Jeepers Creepers Reborn - Fathom Events
Credit: Screen Media Films
by Steven Warner Featured Film Genre Views

Jeepers Creepers: Reborn — Timo Vuorensola

October 3, 2022

Jeepers Creepers: Reborn is an inane and butt-ugly franchise continuation that delivers exactly nothing to the hordes of nobody who asked for it.

Jeepers Creepers: Reborn marks the fourth film in the long-running horror series — 21 years, to be exact — but the first not to come courtesy of writer/director/convicted child sex offender Victor Salva. That last bit has always been a major sticking point with fans of the series, who rightfully must acknowledge the abhorrent monster behind the films they so feverishly adore, even as no logical defense exists. To most individuals, such acrobatics were unnecessary, mainly because the movies themselves were terrible, with only the first one reaching a level best described as “serviceable.” Yet even the dregs of 2017’s Godawful third entry could never prepare audiences for Reborn, a soulless cash grab and series reboot courtesy of director Timo Vuorensola, the man responsible for both Iron Sky and its somehow even worse sequel. For those who don’t recall, those films concerned WWII-era Nazis hiding out on the Dark Side of the Moon, plotting to enact a so-called Fourth Reich. Purposely campy, which instantly marked it as obnoxious, it was never as funny nor as clever as it thought it was, although even that kind of self-congratulatory attitude would be preferable to whatever the hell it is Reborn is attempting to do.

Bravely positing that the first three films were indeed only movies — and “cheesy” one, to boot — Reborn wants to establish a sense of gritty realism and authenticity, one that Vuorensola baffling attempts to conjure by having nearly every shot contain the worst greenscreen imaginable. For scenes involving characters driving, one could be a little more forgiving; however, when it is included for interior shots of hotel rooms, the viewer begins to wonder what the hell was preventing the crew from simply going into an actual room or constructing a few walls and getting the damn shot. Indeed, one has to imagine that this entire production was filmed on a completely bare sound stage, a la Marvel, but then the end credits boldly claim that Reborn was “shot on location in Louisiana.” Was there no warehouse available within a closer distance? It’s beyond obvious that this film was funded from tax breaks, and it’s almost guaranteed that the producers took home more than a few dollars — all legally, of course. It all results in an overall look that is so beyond low-budget that it most resembles one of those Bulgarian-shot Uwe Boll productions from a decade ago, and there are legitimately a few shots in this film where the compositing is incomplete and you can see filter demarcations.

Whatever money the production did have clearly went toward the make-up of the titular Creeper, but even that looks like shit. The Creeper, in case you have already forgotten, is a winged creature made up of thick, leather-like skin and body parts he procures from his various victims. He appears every 23 years and hunts for 23 days before returning to hibernation, because mass killings take a lot out of a supernatural entity. In the world of Reborn, the Creeper is an urban legend, akin to the likes of Bigfoot or the Loch Ness Monster. Grainy footage of him exists, along with hundreds of horrific stories and countless anecdotes, yet he remains strictly in the realm of folklore. Naturally, our two protagonists, lovebirds Laine (Sydney Craven) and Chase (Imran Adams), learn the hard way that he is indeed a flesh-and-blood monster, arriving at a local horror festival celebrating his legend just as he emerges from his 23-year slumber. Reborn’s ten-minute opening scene, involving a never-worse Dee Wallace, harkens back to the original entry before shifting gears and becoming a riff on 2018’s Hell Fest, with its cosplay antics hiding an actual killer. But quickly bored by that route, the film then flirts with Halloween: Resurrection territory, as the YouTube channel hosting the event decides to take our young couple on a tour of the Creeper’s home, because apparently this is a thing that now exists. Soon, Rosemary’s Baby makes an appearance, as the Creeper discovers that Laine is pregnant, and if he eats her fetus, he will be granted immortality(!), which involves some vague sacrificial ceremony. Finally, the film settles into the likes of Halloween, as the Creeper plays cat-and-mouse with his potential victims, having trapped them in his home.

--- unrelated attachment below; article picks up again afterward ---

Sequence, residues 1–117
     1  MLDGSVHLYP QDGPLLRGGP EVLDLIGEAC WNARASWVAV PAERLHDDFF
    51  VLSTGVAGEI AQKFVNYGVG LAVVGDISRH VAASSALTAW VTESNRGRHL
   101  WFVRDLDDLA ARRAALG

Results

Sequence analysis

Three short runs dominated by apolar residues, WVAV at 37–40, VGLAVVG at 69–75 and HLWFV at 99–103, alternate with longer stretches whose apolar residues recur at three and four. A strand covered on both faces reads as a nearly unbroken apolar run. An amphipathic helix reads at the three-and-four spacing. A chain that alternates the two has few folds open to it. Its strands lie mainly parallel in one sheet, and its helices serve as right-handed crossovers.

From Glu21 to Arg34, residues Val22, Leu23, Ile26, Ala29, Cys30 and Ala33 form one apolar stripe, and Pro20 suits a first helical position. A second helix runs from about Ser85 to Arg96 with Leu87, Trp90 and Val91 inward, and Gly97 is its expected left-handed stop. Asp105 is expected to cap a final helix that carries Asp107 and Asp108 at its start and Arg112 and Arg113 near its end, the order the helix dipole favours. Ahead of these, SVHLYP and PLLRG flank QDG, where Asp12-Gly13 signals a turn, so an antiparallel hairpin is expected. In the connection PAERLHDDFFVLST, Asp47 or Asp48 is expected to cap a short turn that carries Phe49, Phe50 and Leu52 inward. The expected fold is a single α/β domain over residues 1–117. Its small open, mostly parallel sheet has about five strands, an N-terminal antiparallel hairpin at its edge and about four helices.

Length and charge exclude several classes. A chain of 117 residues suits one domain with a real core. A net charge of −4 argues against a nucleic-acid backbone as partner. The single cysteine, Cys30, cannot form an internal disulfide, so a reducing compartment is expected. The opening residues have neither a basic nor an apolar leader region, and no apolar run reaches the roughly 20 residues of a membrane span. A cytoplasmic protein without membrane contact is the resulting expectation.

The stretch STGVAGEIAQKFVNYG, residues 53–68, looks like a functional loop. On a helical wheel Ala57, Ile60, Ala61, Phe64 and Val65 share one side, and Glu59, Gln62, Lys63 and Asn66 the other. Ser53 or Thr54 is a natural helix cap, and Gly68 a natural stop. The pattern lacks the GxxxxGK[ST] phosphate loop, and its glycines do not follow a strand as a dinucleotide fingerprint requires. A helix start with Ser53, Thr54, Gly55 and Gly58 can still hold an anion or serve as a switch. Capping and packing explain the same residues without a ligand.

Most of the elements of Sean-Michael Argo’s script feel as though they were hastily written after watching a few episodes of Bravo’s 2004 limited television series The 100 Scariest Movie Moments, which would at least explain why, at one point, the Creeper does his best Jack Nicholson impression a la The Shining after busting through a door, because the Creeper is nothing if not known for his sense of humor. Of course, this incarnation also at one point walks away from an explosion in dramatic slow motion, because the operating logic of the film seems to be why the fuck not? If Reborn sounds so-bad-it’s-good, think again: it’s an utterly painful affair, its 87-minute runtime feeling three times the length. The acting is atrocious, the directing is inept, and the dialogue beyond stupid, including this choice bit: “What do you mean the camera doesn’t work? Like, it won’t turn on? It won’t focus? It won’t fuck itself?” If one wonders what such an aberration might resemble, look no further than Jeepers Creepers: Reborn, where the camera isn’t the only one getting screwed.